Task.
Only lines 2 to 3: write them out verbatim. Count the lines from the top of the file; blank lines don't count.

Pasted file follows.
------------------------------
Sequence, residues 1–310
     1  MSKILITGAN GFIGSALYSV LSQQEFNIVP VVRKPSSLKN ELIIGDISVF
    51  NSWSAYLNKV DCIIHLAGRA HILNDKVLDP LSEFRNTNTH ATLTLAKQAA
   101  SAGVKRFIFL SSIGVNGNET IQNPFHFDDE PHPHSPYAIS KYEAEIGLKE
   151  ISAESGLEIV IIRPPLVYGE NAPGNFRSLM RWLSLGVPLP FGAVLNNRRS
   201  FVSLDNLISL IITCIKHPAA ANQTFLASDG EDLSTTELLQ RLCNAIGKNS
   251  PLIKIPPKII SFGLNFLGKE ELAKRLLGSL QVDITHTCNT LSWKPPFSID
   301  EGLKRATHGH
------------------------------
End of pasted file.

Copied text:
     1  MSKILITGAN GFIGSALYSV LSQQEFNIVP VVRKPSSLKN ELIIGDISVF
    51  NSWSAYLNKV DCIIHLAGRA HILNDKVLDP LSEFRNTNTH ATLTLAKQAA